The APAC forumFriday 21 September 2012, 2:38PM
Media release from the APAC forum
The vast majority of ill health in childhood is driven by poverty
and overcrowded housing, two leading paediatricians have told the
APAC Forum on Quality Improvement in Health Care in Auckland.
In a joint presentation titled 'Future-proofing child health',
Hawke's Bay paediatrician and Children's Commissioner Dr Russell
Wills says children's health is a very good barometer of the social
wellbeing of a society.
"The fact that we're so busy reflects that things aren't going so
But he says there are local initiatives that have made an impact
on some areas of child health.
"These combine evidence-based solutions with a well-trained
workforce that's comfortable with and works well with socially
complex families - families who experience issues such as domestic
violence, mental illness and addiction.
"The common feature of those solutions tends to be several
agencies working together collaboratively, whether it's in a large
urban or a provincial setting. We use data and databases to make
sure that kids who most need care receive it, and we monitor the
performance of our services to help them improve."
Dr Wills says the immunisation rate for two-year-olds is 96
percent in Hawke's Bay, which has the fifth poorest child
population in the country.
"It's a perfect example of collaboration between public health,
GPs and practice nurses, early childhood education and government
and non-governmental social services, who have a clear objective,
make good use of data, and are doing the right things well with
Co presenter, Counties Manukau DHB paediatrician Dr Adrian
Trenholme stressed factors outside the health system need to be
addressed if population health, particularly child health, is to be
"Giving people high quality medical care is good for individuals,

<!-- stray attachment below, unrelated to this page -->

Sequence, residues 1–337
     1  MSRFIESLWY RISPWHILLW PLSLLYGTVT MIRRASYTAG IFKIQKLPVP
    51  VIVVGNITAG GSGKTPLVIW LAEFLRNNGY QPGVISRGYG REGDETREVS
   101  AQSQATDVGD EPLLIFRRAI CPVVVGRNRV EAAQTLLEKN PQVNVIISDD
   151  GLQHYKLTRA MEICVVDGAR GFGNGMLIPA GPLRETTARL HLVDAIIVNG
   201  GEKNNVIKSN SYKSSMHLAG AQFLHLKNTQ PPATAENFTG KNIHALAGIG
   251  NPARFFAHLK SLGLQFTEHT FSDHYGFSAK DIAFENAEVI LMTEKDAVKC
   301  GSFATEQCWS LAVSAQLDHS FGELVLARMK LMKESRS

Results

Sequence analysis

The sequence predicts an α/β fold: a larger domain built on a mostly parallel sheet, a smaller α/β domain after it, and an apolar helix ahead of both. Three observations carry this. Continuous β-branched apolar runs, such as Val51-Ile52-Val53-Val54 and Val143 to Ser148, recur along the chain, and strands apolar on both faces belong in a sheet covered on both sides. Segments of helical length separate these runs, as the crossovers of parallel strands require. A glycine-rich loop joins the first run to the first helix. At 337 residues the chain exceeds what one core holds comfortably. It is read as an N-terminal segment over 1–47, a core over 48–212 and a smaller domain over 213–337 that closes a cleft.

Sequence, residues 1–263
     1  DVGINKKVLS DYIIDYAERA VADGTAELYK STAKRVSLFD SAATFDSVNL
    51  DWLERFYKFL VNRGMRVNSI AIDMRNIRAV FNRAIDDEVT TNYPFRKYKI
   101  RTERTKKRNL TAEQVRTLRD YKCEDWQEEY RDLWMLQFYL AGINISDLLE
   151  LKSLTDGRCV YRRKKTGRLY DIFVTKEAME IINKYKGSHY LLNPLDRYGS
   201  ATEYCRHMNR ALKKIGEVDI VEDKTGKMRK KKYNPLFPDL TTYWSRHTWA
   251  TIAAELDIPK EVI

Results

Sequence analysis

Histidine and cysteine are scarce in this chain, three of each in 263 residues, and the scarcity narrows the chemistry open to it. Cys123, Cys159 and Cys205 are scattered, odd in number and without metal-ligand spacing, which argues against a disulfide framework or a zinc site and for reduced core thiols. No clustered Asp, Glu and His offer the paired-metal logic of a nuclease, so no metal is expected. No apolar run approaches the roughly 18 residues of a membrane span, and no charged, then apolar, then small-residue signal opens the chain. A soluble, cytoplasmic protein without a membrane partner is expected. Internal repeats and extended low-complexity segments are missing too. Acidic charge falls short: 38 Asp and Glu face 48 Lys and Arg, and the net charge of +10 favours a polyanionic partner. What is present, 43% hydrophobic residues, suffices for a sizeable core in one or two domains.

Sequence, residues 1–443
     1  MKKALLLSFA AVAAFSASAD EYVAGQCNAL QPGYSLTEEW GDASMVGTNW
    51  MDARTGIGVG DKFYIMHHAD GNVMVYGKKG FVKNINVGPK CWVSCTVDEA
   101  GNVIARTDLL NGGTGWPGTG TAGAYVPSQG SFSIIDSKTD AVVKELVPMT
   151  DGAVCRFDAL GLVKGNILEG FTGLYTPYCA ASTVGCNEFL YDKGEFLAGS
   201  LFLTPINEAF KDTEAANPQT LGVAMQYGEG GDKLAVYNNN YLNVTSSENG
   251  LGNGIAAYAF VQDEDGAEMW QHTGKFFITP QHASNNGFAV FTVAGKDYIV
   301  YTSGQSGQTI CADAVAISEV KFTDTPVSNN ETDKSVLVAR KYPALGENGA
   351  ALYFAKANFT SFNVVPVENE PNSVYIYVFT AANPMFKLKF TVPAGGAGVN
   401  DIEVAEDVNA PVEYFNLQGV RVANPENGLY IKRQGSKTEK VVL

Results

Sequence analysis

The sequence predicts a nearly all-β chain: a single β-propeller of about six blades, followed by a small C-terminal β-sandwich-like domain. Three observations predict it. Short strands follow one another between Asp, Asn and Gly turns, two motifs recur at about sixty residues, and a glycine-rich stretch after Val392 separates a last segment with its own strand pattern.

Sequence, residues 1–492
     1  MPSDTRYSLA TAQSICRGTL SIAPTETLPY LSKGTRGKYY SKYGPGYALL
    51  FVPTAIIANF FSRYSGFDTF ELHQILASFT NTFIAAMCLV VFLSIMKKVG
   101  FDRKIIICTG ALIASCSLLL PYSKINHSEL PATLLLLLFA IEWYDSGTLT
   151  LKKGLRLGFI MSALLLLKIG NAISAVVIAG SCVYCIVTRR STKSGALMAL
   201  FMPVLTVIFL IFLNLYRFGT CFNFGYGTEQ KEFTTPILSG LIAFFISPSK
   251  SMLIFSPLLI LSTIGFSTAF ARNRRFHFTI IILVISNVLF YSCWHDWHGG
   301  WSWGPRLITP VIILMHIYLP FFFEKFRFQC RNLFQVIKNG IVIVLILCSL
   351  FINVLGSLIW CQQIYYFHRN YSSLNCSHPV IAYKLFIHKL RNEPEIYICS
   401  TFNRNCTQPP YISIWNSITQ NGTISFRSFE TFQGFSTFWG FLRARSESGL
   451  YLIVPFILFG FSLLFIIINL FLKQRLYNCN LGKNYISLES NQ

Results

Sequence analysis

but doesn't change the health of the whole population."
He agrees with Dr Wills that recent initiatives where primary,
secondary and tertiary health agencies work with other government
and non-government agencies at a local level are making a
These include the Healthy Housing Programme, where Housing New
Zealand and district health boards work together to reduced
overcrowding and the risk of health-related problems, improve
access to health and social services and increase awareness of
healthy living in three disadvantaged areas of the country.
"Housing is a huge one for us and there's evidence the programme
has reduced hospital admissions for children in South
In July, the first of 18 planned school-based clinics in South
Auckland to tackle rheumatic fever in five to 14-year-olds was
launched. There were 51 cases of acute rheumatic fever last year in
the Counties Manukau DHB region, with Māori and Pacific children
"In addition to the current public health nurse services,
nurse-led teams in each school will provide a programme of throat
swabbing and skin infection diagnosis and treatment with optional
Dr Trenholme says another study is looking at preventing chronic
lung disease in children who have been admitted to hospital. "This
is a collaborative between primary, tertiary and secondary care,
involving all agencies for these families, so as a model of health
care it might make a difference."